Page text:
Sir Thomas Bingham, the Master of the Rolls, said that when the court gives its judgment next week it is likely to dismiss claims that to stop feeding Tony Bland would amount to murder.
Mr Bland, now 21, suffered crush injuries in the Hillsborough football disaster in 1989, which starved his brain of oxygen and sent him into a Persistent Vegetative State (PVS) from which doctors say he will never recover.
His parents, Allan and Barbara Bland, say their son is condemned to a living death. Last month the Airedale NHS Trust was given approval by the High Court to end the artificial feeding.
However, because of the importance of the case - not only for the other 1,000 plus victims of PVS - David Venables, the Official Solicitor, appealed.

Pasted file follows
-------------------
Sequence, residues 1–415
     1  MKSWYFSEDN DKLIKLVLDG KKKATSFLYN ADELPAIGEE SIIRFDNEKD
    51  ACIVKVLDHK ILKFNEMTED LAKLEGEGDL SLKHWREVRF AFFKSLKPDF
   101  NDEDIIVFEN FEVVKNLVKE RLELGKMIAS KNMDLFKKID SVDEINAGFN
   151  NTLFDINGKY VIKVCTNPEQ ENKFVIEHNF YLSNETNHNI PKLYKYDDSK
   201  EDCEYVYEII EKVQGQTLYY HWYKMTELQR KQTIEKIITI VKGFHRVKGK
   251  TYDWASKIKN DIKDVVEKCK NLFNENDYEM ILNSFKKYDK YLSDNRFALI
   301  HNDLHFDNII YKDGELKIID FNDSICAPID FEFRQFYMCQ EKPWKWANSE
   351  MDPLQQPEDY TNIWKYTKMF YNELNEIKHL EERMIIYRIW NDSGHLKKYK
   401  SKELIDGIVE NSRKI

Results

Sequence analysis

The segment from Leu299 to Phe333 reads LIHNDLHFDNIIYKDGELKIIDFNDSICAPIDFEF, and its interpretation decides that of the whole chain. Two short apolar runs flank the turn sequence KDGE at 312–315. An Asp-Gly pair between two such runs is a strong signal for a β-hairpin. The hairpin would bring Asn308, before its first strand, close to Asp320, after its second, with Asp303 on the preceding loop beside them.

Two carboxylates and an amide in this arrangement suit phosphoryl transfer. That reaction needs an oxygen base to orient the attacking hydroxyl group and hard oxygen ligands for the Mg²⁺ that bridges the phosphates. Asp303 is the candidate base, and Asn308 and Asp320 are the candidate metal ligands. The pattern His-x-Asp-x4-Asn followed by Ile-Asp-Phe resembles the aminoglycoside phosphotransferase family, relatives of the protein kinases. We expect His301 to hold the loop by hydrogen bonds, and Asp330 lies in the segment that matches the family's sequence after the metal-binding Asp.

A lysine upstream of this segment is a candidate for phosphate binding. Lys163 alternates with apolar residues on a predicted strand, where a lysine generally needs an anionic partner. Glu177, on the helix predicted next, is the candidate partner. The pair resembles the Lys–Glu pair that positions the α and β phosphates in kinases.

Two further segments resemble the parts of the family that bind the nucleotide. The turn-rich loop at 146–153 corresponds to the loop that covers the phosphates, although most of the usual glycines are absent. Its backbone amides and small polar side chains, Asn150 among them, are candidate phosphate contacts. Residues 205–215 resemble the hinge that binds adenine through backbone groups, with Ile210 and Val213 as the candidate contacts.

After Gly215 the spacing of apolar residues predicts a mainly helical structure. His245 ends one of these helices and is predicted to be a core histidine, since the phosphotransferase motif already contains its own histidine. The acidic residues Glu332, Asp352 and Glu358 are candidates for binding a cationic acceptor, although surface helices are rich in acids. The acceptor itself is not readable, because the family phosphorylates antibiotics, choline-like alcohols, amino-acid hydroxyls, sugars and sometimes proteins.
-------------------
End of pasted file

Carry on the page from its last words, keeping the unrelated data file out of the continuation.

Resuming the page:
James Mumby QC, for the Official Solicitor, argued that to effectively starve Mr Bland to death amounted to murder and a breach of a doctor's duty of care. He said the High Court ruling had gone further than any English court in 'life and death' matters and warned against taking a further step on a 'slippery slope'.
The Airedale NHS Trust, supported by Mr Bland's parents, said that the ruling should be upheld and he should be allowed to die 'with dignity'.
Robert Francis QC, said that withdrawing the tube would not result in doctors starving Mr Bland to death but in their failing to avert his death, which would be caused by his injuries. He said that he had in many ways been reduced to the 'level of a machine which processes food'.
The case will now go to the House of Lords on 14 December for a definitive ruling.
Mr Venables said after the hearing: 'I'm awfully sorry the Blands have got to wait a bit longer but it's such an important point we have to go on.'